Rep. Schakowsky’s Deficit Reduction Plan Needs To Be Taken Seriously

Last week, the co-chairs of President Obama’s debt commission — former Sen. Alan Simpson and former White House Chief of Staff Erskine Bowles — released their proposal for balancing the nation’s budget. While the plan contained some good ideas (like cutting agriculture subsidies), it also included some profoundly bad ones, like raising the retirement age for Social Security and implementing seemingly arbitrary caps on government revenue. Plus, the plan called for draconian cuts to popular and vital services, as it laid out about one dollar in non-defense discretionary cuts for every dollar in defense cuts.

At its core, the plan tilts toward the conservative budget solution, relying on spending cuts for 75 percent of its total deficit reduction. But today, Rep. Jan Schakowsky (D-IL), who also serves on the debt commission, laid out an alternative proposal, saying that the Bowles-Simpson proposal “would have serious consequences for lower and middle class Americans, and that is why I cannot support it.” “I am releasing my own plan today because I believe that there is a better way to achieve our goal — one that protects the poor and the middle-class,” she added.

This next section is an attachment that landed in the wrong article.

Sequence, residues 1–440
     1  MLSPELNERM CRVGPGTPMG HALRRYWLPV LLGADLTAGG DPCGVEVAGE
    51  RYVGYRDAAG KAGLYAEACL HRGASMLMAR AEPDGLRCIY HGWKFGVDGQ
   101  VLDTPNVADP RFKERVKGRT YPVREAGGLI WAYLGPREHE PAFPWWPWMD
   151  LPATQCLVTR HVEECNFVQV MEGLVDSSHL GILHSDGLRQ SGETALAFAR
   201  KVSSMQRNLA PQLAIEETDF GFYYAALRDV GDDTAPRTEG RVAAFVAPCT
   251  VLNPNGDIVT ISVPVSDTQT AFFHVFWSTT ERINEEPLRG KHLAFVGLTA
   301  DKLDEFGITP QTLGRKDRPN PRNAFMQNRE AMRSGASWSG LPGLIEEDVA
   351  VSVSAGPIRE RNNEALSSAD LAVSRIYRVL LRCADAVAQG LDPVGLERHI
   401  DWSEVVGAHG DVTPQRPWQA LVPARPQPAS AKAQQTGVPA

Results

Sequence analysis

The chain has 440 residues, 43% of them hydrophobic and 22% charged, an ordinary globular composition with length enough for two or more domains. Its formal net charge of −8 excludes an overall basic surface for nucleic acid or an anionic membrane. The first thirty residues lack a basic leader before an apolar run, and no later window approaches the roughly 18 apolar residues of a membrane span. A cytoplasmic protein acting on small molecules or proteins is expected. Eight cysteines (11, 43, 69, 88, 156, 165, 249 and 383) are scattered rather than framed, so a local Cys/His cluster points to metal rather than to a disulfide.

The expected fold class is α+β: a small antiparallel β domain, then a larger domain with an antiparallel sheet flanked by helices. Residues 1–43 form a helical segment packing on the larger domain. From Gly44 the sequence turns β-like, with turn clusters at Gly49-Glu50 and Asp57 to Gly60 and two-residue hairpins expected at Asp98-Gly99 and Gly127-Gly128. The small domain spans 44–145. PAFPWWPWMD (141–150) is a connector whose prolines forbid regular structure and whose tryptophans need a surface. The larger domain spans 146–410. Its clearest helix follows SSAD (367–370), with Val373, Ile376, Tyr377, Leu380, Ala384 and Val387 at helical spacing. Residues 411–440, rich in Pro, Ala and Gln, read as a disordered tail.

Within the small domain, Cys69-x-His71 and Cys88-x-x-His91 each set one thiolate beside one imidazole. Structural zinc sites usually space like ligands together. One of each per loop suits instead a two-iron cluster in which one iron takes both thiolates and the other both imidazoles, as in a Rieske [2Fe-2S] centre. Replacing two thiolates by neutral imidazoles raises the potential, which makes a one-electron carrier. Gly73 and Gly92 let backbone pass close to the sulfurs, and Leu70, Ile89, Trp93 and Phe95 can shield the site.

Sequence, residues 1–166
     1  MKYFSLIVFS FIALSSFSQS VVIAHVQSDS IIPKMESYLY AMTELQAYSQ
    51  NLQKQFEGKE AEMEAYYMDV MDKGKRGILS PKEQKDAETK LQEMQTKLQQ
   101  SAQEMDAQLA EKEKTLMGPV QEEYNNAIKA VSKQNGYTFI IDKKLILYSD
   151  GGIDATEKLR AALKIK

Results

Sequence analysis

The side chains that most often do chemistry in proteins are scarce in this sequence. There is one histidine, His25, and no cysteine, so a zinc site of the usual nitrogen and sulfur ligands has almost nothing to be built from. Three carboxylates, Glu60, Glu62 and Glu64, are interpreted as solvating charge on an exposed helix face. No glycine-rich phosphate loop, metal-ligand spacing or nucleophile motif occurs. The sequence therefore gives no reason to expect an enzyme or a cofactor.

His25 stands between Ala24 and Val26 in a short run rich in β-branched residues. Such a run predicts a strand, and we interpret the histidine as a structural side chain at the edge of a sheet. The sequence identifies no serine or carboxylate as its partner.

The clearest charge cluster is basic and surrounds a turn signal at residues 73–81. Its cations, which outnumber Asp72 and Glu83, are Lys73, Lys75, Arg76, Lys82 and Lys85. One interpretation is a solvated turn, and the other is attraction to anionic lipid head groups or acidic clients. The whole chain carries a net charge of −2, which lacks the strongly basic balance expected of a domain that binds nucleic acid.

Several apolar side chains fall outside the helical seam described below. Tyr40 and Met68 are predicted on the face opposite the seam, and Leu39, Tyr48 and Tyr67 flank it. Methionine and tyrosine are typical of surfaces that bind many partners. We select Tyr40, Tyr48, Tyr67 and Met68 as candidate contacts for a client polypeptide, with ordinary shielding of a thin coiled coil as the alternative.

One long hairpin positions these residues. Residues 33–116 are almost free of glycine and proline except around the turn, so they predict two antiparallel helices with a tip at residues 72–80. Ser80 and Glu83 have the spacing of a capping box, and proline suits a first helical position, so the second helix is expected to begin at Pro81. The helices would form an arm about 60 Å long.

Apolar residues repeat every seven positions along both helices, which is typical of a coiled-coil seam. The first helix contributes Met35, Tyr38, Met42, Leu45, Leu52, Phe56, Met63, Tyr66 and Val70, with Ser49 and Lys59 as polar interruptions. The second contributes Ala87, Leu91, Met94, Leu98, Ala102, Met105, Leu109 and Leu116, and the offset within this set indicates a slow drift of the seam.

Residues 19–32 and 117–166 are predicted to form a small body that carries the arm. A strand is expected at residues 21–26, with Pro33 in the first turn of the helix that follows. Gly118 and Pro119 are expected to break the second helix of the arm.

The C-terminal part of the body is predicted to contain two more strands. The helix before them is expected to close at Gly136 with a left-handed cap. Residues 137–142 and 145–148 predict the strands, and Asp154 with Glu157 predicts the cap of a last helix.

Schakowsky’s plan gets the budget into balance by:

Cutting $110.7 billion from the defense budget (compared to $100 billion in the Bowles-Simpson plan).

Cutting $8.5 billion in non-defense discretionary spending (compared to $100 billion in the Bowles-Simpson plan).

Cutting farm subsidies by $7.5 billion (compared to $3 billion in the Bowles-Simpson plan).

Implementing health care reforms saving $17 billion (including a public option).

Raising corporate taxes by about $132 billion.

Raising $92.6 billion in personal taxes by equalizing the treatment of investment income and regular income and implementing Sen. Bernie Sanders’ (I-VT) progressive estate tax.

Raising $52 billion by implementing a cap and trade system.

This is a serious proposal, and should be given as much consideration as the Bowles-Simpson proposal and the proposal reportedly dropping tomorrow from Alice Rivlin, another commission member. Contrary to the Bowles-Simpson approach (and that advocated by most Republican members of Congress), Schakowsky has shown that it is feasible to balance the budget without blowing a huge hole in discretionary spending and she does it while also taking into account the threat of climate change (and the revenue that cap-and-trade can generate).


She also refuses to forego economic growth for austerity in the short-term, dedicating $200 billion over the next two years to job creation and bolstering the social safety net, while still hitting the commission’s deficit reduction target in 2015.

Of course, there is no way that Republicans on the debt commission will embrace this proposal, as they’ve already explicitly ruled any tax increase “off the table.” (Which Schakowsky herself predicted they would back in June.) But she’s shown that there is a way to balance the budget while simultaneously protecting the middle class and making important investments, and she should be commended.